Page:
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Center for Biological Diversity

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Center for Biological Diversity


Center for Biological Diversity
Abbreviation The Center
Formation 1989
Type NGO
Purpose Protection of endangered species
Headquarters Tucson, Arizona
Website biologicaldiversity.org

The Center for Biological Diversity (Center), based in endangered species through legal action, scientific petitions, creative media and grassroots activism. The Center has offices and staff in New Mexico, Arizona, Nevada, California, Oregon, Illinois, Minnesota, Alaska, Vermont, Florida and Washington, D.C. It was founded in 1989 by Kieran Suckling, Peter Galvin, Todd Schulke and Robin Silver.[1]

Background

Given a small grant by the United States Forest Service to protect imperiled species from logging, grazing, and mining. As surveyors in New Mexico, the three men discovered "a rare Mexican spotted owl nest in an old-growth tree",[1] but their discovery was overshadowed by Forest Service plans to lease the land to timber companies; Suckling, Galvin, and Schulke believed that it was within the Forest Service’s mission to save sensitive species like the Mexican Spotted Owl from harm, and that the government had shirked its duty in deference to corporate interests.

Suckling, Galvin and Schulke went to the media to register their outrage; the old-growth tree was allowed to stand, and this success led to the founding of the Center for Biological Diversity.

Initially, the Center focused on issues specific to the Southwestern United States, but today its mission encompasses far-reaching problems such as global threats to biological diversity and climate change. One of the Center's biggest recent victories was in 2011, when it reached a historic legal settlement with the U.S. Fish and Wildlife Service compelling the agency to make progress on protecting 757 imperiled but previously neglected animals and plants. The Center employs a group of paid and pro bono attorneys to use litigation to effect change, and claims a 93 percent success rate for their lawsuits.[1]

Press

On 13 June 2007, the Center spoke out against a Bush administration proposal to reduce the protected area for spotted owls in the United States Pacific Northwest. According to Noah Greenwald, the group's representative in the Northwest, the proposed habitat cut is "typical of an administration that is looking to reduce protections for endangered species at every turn." Greenwald said that the rollback is part of a series of "sweetheart deals," in which the administration settles an environmental lawsuit out of court and, "at the industry's wishes, reduces the critical habitat." According to the Center, the move conforms to a broad trend that includes at least 25 earlier Bush administration decisions on habitat protections for endangered species. In those cases, the protected areas were reduced an average of 36 percent.[2]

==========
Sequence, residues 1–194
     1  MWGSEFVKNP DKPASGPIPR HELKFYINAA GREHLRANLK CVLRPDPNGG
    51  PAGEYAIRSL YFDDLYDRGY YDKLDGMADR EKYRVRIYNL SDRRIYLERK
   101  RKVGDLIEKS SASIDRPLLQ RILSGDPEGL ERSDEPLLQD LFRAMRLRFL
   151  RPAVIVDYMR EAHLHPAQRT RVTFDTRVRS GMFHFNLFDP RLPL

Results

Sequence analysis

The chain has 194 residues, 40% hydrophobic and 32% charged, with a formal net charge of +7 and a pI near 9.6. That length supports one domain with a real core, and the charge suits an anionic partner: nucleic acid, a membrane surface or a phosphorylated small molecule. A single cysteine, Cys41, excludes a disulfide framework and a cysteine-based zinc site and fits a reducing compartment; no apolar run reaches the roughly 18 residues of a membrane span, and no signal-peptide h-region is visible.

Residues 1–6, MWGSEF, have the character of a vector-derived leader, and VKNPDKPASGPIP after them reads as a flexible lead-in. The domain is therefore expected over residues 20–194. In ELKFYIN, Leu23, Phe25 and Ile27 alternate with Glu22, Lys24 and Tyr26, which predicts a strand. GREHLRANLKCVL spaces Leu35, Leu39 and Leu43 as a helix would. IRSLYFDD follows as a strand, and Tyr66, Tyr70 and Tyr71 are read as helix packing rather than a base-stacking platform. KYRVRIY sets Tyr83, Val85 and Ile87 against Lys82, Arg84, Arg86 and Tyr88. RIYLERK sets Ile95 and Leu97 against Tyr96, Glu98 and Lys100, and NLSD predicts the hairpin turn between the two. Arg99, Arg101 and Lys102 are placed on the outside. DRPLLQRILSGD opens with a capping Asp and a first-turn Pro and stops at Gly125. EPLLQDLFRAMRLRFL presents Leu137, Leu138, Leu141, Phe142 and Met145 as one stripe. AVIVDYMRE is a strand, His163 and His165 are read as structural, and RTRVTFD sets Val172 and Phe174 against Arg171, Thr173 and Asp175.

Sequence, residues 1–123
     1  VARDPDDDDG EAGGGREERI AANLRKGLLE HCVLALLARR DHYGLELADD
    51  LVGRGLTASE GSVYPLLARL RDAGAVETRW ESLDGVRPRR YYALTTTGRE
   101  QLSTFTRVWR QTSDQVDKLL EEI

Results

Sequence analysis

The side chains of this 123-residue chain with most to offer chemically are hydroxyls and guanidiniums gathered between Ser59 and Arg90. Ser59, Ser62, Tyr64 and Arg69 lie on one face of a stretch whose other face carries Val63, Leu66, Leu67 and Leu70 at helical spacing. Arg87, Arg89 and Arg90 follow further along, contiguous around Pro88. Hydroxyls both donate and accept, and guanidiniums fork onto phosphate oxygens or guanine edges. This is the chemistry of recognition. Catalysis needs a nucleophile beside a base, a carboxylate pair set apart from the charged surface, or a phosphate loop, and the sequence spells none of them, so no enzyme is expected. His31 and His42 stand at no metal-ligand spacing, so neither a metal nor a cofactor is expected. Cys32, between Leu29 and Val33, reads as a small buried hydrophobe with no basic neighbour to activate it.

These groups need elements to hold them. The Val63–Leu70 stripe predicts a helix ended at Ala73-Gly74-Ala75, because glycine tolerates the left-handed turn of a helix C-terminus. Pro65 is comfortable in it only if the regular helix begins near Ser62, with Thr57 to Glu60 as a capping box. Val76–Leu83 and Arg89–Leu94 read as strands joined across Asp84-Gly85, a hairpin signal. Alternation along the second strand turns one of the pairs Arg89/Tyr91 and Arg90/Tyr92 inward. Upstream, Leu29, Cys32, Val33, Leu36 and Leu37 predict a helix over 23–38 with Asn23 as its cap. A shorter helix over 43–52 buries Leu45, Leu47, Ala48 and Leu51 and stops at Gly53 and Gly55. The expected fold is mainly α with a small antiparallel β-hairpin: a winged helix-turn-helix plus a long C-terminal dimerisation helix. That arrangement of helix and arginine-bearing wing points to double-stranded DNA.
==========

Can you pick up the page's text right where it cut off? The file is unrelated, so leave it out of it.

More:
On 16 December 2008, the Center announced intent to sue the United States government for introducing "regulations... that would eviscerate our nation’s most successful wildlife law by exempting thousands of federal activities, including those that generate greenhouse gases, from review under the Endangered Species Act." The lawsuit, which is critical of Greenpeace and Defenders of Wildlife. According to the Center, "The lawsuit argues that the regulations violate the Endangered Species Act and did not go through the required public review process. The regulations, first proposed on August 11th, were rushed by the Bush administration through an abbreviated process in which more than 300,000 comments from the public were reviewed in 2-3 weeks, and environmental impacts were analyzed in a short and cursory environmental assessment, rather than a fuller environmental impact statement."[3]

See also

Notes

  1. ^ a b c Our Story Center for Biological Diversity - May 10, 2008]
  2. ^ Bush administration wants cut in protection for spotted owl: Proposal would trim preserved habitat
  3. ^ Bush Administration Regulations Gutting Protections for Nation's Endangered Species Published Today - Conservation Groups' Challenge to 11th Hour Reductions in Protections for Nation’s Wildlife Moves ForwarD

External links

  • Center for Biological Diversity website
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